Giving flowers to someone you care about is easy, relatively inexpensive and might just be one of the most universally appreciated gestures. We assign our own meaning to the bouquets we give. The plant or color we choose often has to do with a special memory or event, for example.
But more than 200 years ago in the Victorian era, flowers themselves were symbols. People gave a certain flower to convey a specific sentiment or message. What that was depended on the flower, petal color and number of blooms. Floriography, the language of flowers, was well-understood during this time. If you're curious about the hidden meaning behind some of the most popular flowers we love today, let this list be your guide.
It's likely you'll smell this flower before you spot it. Intoxicatingly sweet, gardenias are beloved for both their exquisite fragrance and beauty. Grown on 4- to 6-foot evergreen shrubs, the gardenia's waxy white or creamy yellow petals pop against deep green leaves with a glossy, leathery texture.
This flower came to the United States more than 200 years ago and now thrives in the South, where it's humid and warm. Gardenia is associated with beauty, love and purity, making it a favorite for wedding ceremonies. Find gardenias clustered together in bouquets or arranged individually on a boutonnière or floating in a bowl.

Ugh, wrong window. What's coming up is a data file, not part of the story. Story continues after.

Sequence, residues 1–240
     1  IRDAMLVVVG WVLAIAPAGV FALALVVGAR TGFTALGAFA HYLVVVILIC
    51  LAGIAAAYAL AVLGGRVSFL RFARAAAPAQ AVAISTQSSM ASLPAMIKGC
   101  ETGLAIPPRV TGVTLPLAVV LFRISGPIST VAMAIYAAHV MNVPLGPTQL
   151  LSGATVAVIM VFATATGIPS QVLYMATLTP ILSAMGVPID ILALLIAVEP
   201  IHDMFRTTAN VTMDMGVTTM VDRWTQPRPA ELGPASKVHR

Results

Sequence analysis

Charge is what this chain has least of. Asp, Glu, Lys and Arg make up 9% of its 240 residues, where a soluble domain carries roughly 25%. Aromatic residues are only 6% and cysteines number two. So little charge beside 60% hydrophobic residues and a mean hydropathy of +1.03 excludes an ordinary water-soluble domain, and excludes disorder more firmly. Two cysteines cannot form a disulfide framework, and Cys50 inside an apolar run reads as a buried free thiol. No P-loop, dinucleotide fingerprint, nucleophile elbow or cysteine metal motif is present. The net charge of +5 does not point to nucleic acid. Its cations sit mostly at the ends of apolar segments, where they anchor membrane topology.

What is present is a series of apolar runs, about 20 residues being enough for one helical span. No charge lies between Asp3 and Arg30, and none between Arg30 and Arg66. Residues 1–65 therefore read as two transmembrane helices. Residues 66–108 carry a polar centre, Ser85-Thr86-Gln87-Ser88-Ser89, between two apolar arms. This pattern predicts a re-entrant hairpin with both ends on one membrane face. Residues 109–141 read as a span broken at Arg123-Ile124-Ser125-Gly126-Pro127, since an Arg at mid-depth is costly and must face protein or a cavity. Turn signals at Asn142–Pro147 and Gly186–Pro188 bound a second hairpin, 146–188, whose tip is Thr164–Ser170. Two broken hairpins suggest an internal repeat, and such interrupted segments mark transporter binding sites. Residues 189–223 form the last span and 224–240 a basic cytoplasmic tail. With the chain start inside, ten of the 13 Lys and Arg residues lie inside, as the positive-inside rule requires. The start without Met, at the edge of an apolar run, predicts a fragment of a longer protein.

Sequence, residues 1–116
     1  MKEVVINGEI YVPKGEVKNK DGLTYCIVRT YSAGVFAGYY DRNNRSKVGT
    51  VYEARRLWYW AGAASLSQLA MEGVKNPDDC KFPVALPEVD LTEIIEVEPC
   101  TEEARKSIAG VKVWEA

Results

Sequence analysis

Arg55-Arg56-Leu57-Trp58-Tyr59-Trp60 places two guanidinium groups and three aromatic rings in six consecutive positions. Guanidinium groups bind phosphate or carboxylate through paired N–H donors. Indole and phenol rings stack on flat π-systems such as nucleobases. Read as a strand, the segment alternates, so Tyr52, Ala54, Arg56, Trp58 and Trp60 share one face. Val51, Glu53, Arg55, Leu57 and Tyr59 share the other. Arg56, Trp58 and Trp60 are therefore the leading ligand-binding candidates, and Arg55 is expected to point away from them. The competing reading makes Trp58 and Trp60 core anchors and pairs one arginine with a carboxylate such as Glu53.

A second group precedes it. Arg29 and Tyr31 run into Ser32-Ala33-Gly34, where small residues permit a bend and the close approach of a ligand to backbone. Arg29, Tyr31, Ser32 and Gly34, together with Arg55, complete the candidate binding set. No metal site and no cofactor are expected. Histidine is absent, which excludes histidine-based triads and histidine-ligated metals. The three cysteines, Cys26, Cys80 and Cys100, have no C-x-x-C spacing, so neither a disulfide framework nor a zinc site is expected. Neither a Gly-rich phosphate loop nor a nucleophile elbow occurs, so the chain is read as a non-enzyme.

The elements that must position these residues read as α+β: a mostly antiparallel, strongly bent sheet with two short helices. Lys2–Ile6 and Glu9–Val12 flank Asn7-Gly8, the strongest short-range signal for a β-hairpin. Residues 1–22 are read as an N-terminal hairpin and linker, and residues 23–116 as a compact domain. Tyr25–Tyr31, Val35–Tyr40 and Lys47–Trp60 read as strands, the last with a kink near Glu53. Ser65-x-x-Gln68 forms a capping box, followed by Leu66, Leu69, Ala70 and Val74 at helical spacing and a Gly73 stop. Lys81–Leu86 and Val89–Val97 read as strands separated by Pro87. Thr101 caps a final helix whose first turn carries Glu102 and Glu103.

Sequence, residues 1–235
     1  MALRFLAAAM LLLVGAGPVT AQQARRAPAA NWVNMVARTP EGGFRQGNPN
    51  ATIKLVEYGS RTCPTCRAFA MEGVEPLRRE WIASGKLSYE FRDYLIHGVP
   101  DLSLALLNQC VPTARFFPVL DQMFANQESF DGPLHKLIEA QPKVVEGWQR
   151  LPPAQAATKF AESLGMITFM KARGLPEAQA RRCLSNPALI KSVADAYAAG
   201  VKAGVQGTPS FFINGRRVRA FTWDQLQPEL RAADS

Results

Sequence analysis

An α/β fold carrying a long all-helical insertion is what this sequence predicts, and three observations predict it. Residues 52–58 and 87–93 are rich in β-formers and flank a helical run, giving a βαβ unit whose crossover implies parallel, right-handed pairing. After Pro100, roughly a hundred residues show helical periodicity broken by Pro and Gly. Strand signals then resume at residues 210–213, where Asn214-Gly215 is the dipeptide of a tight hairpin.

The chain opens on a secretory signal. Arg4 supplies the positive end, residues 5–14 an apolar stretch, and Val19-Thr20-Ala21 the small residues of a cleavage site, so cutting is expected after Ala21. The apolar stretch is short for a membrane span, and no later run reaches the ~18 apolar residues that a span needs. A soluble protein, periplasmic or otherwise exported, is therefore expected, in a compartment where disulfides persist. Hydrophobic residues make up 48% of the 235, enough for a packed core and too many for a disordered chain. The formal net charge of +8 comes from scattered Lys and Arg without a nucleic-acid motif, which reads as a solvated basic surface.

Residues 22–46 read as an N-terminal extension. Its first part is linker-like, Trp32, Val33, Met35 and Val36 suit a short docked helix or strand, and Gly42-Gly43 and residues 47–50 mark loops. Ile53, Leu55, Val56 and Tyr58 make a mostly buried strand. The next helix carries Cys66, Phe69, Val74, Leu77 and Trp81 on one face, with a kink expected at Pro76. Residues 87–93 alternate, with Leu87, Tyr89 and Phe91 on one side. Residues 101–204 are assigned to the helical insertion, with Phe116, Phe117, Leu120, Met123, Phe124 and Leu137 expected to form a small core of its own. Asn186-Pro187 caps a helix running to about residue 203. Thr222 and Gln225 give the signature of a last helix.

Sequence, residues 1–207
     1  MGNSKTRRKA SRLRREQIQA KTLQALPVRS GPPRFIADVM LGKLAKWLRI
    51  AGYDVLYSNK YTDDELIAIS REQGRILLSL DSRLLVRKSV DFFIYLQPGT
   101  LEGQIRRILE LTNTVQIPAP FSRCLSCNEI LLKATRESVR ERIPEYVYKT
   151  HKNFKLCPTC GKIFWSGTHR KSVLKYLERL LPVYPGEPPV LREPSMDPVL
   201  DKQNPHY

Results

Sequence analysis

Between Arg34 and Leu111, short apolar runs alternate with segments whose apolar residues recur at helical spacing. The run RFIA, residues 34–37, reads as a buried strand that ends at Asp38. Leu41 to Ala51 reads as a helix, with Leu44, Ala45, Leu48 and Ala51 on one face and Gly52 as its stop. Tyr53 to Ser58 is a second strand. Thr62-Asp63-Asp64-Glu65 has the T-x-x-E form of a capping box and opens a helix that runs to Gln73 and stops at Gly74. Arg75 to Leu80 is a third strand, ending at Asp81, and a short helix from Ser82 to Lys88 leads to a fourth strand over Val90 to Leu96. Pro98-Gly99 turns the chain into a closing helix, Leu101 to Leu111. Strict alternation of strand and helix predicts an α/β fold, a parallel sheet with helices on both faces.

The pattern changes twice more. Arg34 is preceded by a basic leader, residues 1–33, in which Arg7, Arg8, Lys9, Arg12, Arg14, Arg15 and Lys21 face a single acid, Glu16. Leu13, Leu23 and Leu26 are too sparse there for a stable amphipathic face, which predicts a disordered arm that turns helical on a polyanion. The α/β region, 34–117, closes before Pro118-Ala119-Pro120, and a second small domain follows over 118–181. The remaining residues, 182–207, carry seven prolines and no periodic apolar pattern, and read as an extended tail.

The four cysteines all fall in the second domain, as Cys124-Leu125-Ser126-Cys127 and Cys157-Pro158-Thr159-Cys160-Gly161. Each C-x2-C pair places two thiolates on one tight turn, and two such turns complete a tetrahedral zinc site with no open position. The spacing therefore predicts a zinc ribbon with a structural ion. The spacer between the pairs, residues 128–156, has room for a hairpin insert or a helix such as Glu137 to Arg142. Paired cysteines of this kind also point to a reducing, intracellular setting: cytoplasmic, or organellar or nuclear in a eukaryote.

Daffodils seem to embody happiness with their cheery faces and trumpet-like middle cup. We often think of daffodils as yellow, but they come in other colors, too, like green, pink and orange. In fact, there are more than 40 species.
Daffodils symbolize regard and different shades of affection, ranging from "the sun is always shining when I'm with you" to unequalled love. These hardy bulbs sprout up and bloom during rainy spring months. They have no scent and are inexpensive, making them relatively easy on people with allergies and on your wallet! Bundle them together in a bouquet or display them in ceramic pot.
You can thank someone for understanding in a bunch of ways. Write a note. Hug it out. Verbally share your gratitude. Or you can give a hydrangea, a wildflower that grows in sizable heads on bushes sometimes exceeding 6 feet tall.